Competing interests
    The authors declare that no competing interests exist.
    ORCID icon "This ORCID iD identifies the author of this article:" 0000-0003-3666-8005
  7. Matthias Gstaiger

    Department of Biology, Institute of Molecular Systems Biology, Zurich, Switzerland
    Competing interests
    The authors declare that no competing interests exist.
  8. Young Song

    Genetics Branch, Center for Cancer Research, National Institutes of Health, Bethesda, United States
    Competing interests
    The authors declare that no competing interests exist.
  9. Katharina Benischke

    Oncology, University Children's Hospital, Zurich, Switzerland
    Competing interests
    The authors declare that no competing interests exist.
  10. Dominik Laubscher

    Oncology, University Children's Hospital, Zurich, Switzerland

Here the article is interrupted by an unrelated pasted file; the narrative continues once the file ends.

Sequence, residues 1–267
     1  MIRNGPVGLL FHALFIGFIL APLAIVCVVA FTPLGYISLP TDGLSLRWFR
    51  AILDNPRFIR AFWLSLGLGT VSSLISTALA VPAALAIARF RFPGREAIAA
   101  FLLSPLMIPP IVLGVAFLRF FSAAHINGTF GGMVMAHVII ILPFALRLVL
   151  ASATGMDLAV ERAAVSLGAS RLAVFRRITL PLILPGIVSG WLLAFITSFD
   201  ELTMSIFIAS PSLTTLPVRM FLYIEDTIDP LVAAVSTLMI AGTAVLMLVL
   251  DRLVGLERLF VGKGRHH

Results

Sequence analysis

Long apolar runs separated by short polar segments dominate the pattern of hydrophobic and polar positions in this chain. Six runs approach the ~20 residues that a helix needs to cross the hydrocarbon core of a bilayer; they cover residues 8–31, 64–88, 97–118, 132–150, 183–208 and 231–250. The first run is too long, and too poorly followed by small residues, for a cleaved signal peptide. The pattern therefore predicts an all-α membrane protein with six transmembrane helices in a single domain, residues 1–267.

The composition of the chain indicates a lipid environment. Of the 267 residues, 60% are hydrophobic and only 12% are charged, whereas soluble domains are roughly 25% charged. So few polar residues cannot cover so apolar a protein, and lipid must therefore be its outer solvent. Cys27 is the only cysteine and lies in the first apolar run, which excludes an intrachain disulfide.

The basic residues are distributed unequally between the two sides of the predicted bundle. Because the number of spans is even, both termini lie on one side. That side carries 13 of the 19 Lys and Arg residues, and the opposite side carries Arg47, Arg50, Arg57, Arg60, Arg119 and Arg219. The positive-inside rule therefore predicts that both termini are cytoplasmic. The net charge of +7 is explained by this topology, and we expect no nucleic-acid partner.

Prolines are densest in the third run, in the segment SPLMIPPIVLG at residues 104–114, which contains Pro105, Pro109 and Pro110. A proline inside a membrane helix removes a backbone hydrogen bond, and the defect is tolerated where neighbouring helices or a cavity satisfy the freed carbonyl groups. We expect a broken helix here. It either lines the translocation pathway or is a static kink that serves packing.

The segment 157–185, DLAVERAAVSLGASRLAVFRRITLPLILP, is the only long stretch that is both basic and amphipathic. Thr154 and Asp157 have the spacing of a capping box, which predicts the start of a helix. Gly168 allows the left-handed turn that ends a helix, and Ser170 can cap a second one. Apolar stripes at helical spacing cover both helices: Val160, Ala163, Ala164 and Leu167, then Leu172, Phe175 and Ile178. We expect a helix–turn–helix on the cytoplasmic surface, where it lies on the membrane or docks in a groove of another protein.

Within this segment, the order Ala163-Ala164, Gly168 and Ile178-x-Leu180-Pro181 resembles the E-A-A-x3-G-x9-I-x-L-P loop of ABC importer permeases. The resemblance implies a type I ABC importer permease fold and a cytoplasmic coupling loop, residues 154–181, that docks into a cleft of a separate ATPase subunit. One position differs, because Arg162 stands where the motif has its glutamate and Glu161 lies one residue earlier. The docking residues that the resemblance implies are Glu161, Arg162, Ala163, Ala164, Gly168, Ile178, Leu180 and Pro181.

Competing interests
    The authors declare that no competing interests exist.
  11. Marco Wachtel

    Oncology, University Children's Hospital, Zurich, Switzerland
    Competing interests
    The authors declare that no competing interests exist.
  12. Javed Khan

    Pediatric Oncology Branch, Oncogenomics Section, Center for Cancer Research, National Institutes of Health, Bethesda, United States
    Competing interests
    The authors declare that no competing interests exist.
  13. Beat W Schäfer

    Oncology, University Children's Hospital, Zurich, Switzerland
    For correspondence
    beat.schaefer@kispi.uzh.ch
    Competing interests
    The authors declare that no competing interests exist.
    ORCID icon "This ORCID iD identifies the author of this article:" 0000-0001-5988-2915

Funding

Swiss National Science Foundation (310030_156923 and 31003A_175558)

  • Beat W Schäfer

Cancer League Switzerland (KLS-3868-02-2016)

  • Beat W Schäfer

Childhood Cancer Research Foundation Switzerland

  • Beat W Schäfer

Innovative Medicines Initiative ULTRA-DD (115766)

  • Fabian Frommelt
  • Matthias Gstaiger

The funders had no role in study design, data collection and interpretation, or the decision to submit the work for publication.

Reviewing Editor